Trustees of pension schemes that are already registered for self-assessment and incurred a liability to pay any of the taxes specified above in the tax year 2016 – 2017 must register with HMRC by 31 January 2018. HMRC has however confirmed that it will not impose a penalty if trustees register with HMRC between 31 January 2018 and 5 March 2018.

Note that trustees of pension schemes that are not already registered with HMRC for self-assessment purposes and incurred a liability to pay any of the taxes specified above for the first time in the tax year 2016 – 2017 must register with HMRC by 5 January 2018.

If a scheme does not currently have any liability to pay any of the taxes specified above, but a liability to pay one or more of those taxes arises in a subsequent tax year, trustees must disclose the relevant information to HMRC by 31 January following the end of the first tax year when the liability to pay one of those taxes arises. This is a change from the draft regulations which required trustees to provide information to HMRC by 5 April 2018, or by the end of the tax year after a liability to pay one of the specified taxes first arises.

If a scheme does not have a liability to pay any of the taxes specified above, trustees must hold the relevant information and pass it on to specified government agencies (including HMRC, the Financial Conduct Authority and the National Crime Agency), if required.

What steps should employers and trustees be taking to comply with the regulations?

As part of good scheme governance, trustees should already have access to most of the information that they are required to hold in respect of members as the guidance on record keeping from the Pensions Regulator requires trustees to keep accurate member data. Trustees should consider if they need to register with HMRC and whether they need to take any additional steps to ensure their records are accurate and up to date. For example, trustees may need to think about introducing procedures to collect additional information that they don’t currently hold which is required to be kept under the regulations.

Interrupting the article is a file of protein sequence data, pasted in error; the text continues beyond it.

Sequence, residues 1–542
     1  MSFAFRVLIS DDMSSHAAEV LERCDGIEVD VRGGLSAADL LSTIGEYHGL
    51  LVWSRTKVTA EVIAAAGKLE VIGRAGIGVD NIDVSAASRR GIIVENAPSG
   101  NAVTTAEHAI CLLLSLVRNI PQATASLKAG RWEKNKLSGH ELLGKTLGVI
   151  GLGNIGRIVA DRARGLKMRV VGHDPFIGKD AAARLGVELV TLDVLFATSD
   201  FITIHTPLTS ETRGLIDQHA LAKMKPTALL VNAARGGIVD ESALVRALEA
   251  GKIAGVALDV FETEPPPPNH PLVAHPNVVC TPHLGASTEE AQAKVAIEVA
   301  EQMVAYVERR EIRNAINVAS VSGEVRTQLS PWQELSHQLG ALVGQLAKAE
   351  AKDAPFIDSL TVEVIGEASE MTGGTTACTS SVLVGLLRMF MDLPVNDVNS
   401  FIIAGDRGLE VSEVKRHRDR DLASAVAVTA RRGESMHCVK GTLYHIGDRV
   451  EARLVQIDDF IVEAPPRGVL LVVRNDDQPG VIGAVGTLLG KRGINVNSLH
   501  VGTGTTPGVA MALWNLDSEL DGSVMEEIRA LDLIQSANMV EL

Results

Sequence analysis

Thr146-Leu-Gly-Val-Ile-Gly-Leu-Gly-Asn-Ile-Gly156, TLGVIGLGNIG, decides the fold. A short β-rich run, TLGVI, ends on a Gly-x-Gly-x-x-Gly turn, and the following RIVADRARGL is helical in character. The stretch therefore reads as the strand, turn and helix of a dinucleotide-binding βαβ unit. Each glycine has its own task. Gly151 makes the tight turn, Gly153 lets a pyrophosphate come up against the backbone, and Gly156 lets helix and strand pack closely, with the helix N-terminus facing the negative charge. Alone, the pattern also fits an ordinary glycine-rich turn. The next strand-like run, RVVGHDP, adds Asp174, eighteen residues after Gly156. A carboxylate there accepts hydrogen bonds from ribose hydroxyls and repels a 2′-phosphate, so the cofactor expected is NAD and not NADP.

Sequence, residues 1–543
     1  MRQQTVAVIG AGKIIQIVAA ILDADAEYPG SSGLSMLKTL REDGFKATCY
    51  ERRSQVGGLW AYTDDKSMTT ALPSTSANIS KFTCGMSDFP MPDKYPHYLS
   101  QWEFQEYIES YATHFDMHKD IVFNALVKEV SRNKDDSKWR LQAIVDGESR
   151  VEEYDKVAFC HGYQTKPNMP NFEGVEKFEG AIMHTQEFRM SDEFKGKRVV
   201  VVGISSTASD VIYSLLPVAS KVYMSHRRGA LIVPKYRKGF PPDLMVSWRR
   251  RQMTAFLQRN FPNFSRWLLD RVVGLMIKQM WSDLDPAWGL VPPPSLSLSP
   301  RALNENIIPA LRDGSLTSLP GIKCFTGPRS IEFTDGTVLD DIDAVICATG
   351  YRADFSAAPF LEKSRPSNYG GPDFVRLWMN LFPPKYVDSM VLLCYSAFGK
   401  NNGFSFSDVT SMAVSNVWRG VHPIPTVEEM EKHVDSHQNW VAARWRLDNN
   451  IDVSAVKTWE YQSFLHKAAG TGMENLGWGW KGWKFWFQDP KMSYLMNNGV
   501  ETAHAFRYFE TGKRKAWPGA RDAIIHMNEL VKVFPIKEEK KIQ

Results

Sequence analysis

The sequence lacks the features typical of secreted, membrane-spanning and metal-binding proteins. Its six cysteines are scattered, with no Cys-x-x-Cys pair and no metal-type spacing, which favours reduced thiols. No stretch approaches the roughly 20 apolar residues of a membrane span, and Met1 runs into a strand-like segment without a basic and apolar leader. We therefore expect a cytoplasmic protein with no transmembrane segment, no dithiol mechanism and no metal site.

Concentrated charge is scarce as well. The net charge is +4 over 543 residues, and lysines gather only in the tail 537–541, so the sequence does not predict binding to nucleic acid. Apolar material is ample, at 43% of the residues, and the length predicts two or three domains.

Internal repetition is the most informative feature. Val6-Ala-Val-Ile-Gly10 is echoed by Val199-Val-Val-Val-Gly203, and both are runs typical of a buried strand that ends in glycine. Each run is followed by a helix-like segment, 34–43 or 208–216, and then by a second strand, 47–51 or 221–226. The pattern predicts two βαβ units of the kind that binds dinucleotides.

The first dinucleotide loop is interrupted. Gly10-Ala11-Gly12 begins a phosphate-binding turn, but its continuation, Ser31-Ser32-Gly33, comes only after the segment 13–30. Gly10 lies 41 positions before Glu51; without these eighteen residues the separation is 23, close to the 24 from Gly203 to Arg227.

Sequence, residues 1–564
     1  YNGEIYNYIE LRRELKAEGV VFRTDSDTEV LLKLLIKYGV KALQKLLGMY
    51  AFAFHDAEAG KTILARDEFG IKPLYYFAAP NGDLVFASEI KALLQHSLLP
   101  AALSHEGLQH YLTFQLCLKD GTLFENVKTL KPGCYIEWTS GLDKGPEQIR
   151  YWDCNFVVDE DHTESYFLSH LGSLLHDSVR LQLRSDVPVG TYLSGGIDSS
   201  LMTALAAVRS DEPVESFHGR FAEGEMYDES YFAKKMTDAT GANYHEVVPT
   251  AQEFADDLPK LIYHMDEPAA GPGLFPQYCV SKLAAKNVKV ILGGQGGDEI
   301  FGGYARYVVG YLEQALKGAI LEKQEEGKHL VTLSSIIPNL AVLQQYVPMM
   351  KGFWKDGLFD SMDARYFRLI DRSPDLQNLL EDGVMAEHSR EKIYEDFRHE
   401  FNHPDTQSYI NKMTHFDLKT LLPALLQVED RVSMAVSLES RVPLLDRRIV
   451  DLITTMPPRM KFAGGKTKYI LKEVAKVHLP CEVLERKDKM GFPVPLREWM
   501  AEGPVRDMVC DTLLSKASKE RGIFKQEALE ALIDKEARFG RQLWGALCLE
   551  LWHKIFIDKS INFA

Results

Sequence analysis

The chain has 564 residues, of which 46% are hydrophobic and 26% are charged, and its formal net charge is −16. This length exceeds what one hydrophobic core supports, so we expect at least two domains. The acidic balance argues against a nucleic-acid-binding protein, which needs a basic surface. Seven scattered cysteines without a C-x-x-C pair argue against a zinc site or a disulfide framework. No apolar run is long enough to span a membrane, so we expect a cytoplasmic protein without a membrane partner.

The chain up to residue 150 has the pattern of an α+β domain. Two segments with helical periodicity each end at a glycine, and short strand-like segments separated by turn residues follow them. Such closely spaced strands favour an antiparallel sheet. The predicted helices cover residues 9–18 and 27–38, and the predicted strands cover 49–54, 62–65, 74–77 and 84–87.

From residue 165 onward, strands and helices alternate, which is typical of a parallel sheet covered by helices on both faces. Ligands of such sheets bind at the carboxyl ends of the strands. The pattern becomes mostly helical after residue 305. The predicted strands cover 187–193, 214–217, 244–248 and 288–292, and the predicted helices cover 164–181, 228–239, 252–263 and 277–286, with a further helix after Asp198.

HMRC has circulated draft guidance to industry on how the regulations will work in practice. This guidance clarifies the extent to which the new regulations apply to pension scheme trustees and HMRC expects trustees to refer to the guidance to decide if they need to take any additional steps to comply with the regulations.

Failure to comply with the obligations to keep records and provide it to HMRC is a criminal offence and could also result in civil penalties. However, provided that trustees take all reasonable steps and exercise due diligence to comply with the regulations, and follow any guidance issued by HMRC, trustees would not be subject to civil penalties, and would not be guilty of a criminal offence.

Although the regulations potentially impose obligations on pension scheme trustees, an employer could risk reputational issues if its pension scheme trustees are found to be in breach of the regulations. Employers should therefore consider engaging with their trustees about the steps that trustees may need to take to comply with the regulations.

Key points

  • In June 2017, new money laundering regulations came into force which require trustees:
    • of schemes that are liable for certain taxes, to register with HMRC, and provide information to HMRC; of all schemes to: keep records about beneficial owners of the trust; and
    • disclose information about beneficial owners to law enforcement agencies (including the Financial Conduct Authority, National Crime Agency and HMRC) on request.
  • The application of the legislation to pension scheme trustees was unclear but HMRC guidance confirms that pension scheme trustees will need to register with HMRC and provide information to HMRC if a scheme is liable to pay certain taxes. The deadline for registration is 31 January 2018 but HMRC has extended this deadline to 5 March 2018.
  • The guidance also provides some clarification on the information that needs to be kept, and provided to HMRC, about beneficiaries.
  • Pension scheme trustees should consider whether they need to take any steps to ensure member records are accurate and up to date, and whether they will need to register with HMRC.
  • Trustees found to be in breach of the regulations could face criminal and civil penalties.
  • Employers could face reputational issues if trustees of their pension scheme(s) are found to be in breach of the legislation so employers should consider engaging with pension scheme trustees about the steps being taken to ensure compliance.